That time I bought a cocktail ring
at a flea market in Maine,
you panicked afraid people would think
we were engaged.
We were engaged.
You proposed outside the haunted corn maze
among the hidden colonies of mice
and chinch bugs, the ghosts of pilgrims past.
Did you forget?
We drank all day, serial killed
five lobsters by freezing them
then plunging knives between their eyes,
drove for hours past farm stands, fields,
gawking at trees
like assholes who never left the city.
This was before the trips to Philadelphia,
the hours you spent in hospital waiting rooms
watching disaster movies on cable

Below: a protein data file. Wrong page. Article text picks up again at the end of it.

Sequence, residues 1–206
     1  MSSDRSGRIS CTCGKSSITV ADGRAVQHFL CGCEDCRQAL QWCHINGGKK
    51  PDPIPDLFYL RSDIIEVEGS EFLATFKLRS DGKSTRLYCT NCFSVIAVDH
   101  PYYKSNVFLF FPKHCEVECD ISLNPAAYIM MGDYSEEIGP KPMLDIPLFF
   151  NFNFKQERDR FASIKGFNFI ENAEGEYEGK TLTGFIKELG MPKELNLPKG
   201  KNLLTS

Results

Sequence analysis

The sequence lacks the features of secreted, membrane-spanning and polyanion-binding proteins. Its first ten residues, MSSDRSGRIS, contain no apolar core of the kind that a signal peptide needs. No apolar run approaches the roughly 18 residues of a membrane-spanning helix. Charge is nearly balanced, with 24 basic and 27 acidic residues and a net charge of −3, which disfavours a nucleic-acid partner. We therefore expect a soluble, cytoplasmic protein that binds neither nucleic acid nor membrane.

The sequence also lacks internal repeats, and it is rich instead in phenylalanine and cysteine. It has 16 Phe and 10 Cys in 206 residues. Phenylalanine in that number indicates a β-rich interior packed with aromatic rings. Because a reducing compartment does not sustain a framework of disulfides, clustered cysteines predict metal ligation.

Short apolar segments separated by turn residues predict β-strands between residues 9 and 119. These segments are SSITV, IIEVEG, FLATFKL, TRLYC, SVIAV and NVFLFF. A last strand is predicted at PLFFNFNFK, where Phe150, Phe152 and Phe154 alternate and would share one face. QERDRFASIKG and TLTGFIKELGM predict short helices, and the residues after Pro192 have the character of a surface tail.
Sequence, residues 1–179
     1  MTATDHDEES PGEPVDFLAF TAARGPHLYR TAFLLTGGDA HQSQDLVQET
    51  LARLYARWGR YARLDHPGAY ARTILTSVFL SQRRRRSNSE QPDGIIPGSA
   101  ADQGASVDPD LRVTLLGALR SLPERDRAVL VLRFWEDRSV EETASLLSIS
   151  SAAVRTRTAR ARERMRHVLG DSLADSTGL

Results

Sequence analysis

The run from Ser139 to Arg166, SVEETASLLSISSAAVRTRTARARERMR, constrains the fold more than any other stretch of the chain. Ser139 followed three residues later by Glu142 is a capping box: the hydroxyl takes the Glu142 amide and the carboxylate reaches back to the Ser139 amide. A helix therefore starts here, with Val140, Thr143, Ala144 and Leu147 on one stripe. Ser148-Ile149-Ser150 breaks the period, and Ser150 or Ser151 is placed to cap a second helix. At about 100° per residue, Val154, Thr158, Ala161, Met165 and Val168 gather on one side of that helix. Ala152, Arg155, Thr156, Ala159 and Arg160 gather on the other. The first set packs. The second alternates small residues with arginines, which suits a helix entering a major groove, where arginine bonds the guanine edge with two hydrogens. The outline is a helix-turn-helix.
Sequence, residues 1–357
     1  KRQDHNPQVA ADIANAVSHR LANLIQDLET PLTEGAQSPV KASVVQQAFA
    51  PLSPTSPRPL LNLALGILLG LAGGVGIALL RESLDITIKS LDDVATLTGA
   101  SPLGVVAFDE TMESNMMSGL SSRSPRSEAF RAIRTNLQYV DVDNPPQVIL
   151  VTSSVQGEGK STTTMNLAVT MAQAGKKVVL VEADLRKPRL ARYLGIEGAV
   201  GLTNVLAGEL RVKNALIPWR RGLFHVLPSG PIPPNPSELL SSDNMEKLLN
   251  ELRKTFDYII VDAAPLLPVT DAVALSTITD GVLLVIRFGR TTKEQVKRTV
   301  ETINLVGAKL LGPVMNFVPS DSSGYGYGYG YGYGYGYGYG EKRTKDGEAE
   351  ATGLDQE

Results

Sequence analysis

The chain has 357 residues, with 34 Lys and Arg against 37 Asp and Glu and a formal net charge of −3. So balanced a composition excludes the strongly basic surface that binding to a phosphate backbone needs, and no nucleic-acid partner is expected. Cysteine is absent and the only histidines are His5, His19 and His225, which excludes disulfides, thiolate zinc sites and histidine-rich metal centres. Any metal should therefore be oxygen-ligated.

about meteors hitting Manhattan,
and roving packs of wolves
laying claim to the abandoned public libraries.
Before I stood down the hall
and watched another world end with a sputter,
mechanical messengers
announcing it with a chorus
of beeps and gasps, stammers and silence.
Maybe we knew then that was the best it would get.
Both of us waking each day to the sunrise,
me sitting up in the night
listening for sounds outside the house.